Click here to read part 1
Click here to read part 2
If you already have an established email design, it’s important to figure out how you can improve the design to increase click-through rates. There are key technical things to keep in mind when designing an email for optimal viewing—some of which have plagued email designers for years.
One thing to keep in mind is image blocking. Studies show that 67% of major desktop clients and 80% of mobile devices block images by default. Why? Image blocking is used to block spam emails—if images aren’t enabled by default, it will, hopefully, discourage spammers. Unfortunately, a number of legitimate parties send these emails as well. Luckily for us, there are some ways to work around image blocking.
1. Style your Alt text and put background colors into your tables. Make sure the text is bold and visible where the picture typically should show up, so the recipient knows what they should be looking at.
2. Code your main text and calls to action in HTML. This way, even without the image, the call to action is visible. Furthermore, HTML-code in emails helps with deliverability. Spam emails tend to be all images, so emails overloaded with images often end up in the junk folder.
3. Re-create an image with HTML tables. Although these may seem like extreme measures, the image will look so cool with images turned off, that the viewer is motivated to turn them on.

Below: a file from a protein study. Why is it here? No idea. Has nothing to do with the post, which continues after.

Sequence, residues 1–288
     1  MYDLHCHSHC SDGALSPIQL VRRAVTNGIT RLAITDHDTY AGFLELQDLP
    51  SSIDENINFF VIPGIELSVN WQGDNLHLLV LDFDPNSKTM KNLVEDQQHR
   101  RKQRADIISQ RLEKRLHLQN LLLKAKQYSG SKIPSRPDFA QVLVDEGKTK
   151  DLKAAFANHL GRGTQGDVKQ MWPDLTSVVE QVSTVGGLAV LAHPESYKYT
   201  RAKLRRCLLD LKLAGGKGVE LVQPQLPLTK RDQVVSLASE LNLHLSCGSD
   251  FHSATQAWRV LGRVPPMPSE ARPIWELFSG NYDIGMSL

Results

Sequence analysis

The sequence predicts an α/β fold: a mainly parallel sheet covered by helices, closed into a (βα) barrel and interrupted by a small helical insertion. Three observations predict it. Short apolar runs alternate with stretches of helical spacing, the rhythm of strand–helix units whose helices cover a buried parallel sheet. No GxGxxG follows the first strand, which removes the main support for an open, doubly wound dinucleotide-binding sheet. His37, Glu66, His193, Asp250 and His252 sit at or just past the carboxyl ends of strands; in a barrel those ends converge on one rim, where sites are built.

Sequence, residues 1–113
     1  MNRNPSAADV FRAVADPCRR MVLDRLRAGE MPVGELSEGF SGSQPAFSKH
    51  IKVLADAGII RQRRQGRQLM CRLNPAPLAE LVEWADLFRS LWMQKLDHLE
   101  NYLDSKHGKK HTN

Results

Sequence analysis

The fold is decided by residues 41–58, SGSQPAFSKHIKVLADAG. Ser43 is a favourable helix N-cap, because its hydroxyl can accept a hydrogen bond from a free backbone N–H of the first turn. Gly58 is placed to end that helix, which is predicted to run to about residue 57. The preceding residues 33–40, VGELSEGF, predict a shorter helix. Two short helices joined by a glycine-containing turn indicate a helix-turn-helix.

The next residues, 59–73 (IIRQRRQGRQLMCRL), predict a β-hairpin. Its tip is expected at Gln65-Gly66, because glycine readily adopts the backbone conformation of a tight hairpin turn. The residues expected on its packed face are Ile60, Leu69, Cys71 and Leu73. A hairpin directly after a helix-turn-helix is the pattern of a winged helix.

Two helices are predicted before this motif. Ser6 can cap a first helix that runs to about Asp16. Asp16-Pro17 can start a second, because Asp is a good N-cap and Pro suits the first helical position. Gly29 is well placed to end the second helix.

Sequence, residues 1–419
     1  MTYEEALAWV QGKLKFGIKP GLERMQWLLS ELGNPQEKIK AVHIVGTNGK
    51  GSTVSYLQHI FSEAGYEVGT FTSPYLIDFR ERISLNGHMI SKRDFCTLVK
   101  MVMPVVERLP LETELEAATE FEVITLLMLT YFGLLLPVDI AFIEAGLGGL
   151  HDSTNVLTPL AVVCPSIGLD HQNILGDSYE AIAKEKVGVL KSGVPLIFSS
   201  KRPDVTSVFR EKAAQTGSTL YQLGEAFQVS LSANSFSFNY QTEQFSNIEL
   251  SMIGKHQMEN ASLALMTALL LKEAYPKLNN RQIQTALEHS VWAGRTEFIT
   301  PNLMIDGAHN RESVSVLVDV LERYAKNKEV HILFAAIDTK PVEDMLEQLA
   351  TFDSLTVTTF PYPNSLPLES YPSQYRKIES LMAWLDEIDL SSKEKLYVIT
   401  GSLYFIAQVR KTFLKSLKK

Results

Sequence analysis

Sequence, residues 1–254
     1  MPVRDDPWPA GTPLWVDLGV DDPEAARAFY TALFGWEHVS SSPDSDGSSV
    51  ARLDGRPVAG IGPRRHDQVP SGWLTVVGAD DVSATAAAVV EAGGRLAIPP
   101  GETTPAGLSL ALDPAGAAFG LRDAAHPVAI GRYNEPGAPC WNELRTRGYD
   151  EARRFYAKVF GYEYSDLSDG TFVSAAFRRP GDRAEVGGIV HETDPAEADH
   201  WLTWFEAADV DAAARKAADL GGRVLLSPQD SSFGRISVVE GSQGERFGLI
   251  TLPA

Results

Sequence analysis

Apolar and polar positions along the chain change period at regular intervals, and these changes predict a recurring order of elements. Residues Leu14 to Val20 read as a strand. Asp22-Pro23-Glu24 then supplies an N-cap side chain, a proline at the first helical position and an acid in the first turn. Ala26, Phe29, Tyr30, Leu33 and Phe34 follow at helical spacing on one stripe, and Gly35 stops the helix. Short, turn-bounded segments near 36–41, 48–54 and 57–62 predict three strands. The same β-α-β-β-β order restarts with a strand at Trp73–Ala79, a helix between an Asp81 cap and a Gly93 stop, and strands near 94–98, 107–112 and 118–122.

4. Convert images to HTML. There are apps that convert each pixel of an image into a corresponding HTML cell. Unfortunately, there are some limitations—this makes the email extremely code-heavy, causing load times to increase. There are other options, however, such as coding only the logo image or part of the header.
So what about size of the email? According to best practices, the best width is 500-600 pixels. This is because the email will be read on a variety of devices with varying screen sizes. The recommended width ensures the majority of consumers will be able to view the email in its entirety.
When reviewing your current email design, assess each section of your email template from top to bottom and ask yourself the questions that we’ve laid out in this three-part series. Also, analyze your click maps and consider using other helpful tools like heat maps—which point out the areas of your email where consumers are spending the most time.
Use programs like Litmus to find out which email clients your subscribers use and customize your email design with that in mind. You should also thoroughly test every change you make to your template. For example, your new design might look great in Outlook but terrible in Gmail. Regularly testing your email on mobile devices will give you a good idea of where improvements are needed.
This concludes our three-part series on email design. We hope you learned a thing or two and we encourage you to leave a comment if you have any additional tips for designing and tracking a rock-solid email campaign.
- Katie Stipanovich